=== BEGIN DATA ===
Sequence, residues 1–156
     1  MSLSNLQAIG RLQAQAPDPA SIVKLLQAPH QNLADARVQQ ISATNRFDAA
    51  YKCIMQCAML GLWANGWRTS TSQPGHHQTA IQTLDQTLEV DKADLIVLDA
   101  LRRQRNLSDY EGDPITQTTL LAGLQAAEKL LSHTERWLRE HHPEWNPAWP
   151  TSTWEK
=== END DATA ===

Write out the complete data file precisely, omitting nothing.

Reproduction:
Sequence, residues 1–156
     1  MSLSNLQAIG RLQAQAPDPA SIVKLLQAPH QNLADARVQQ ISATNRFDAA
    51  YKCIMQCAML GLWANGWRTS TSQPGHHQTA IQTLDQTLEV DKADLIVLDA
   101  LRRQRNLSDY EGDPITQTTL LAGLQAAEKL LSHTERWLRE HHPEWNPAWP
   151  TSTWEK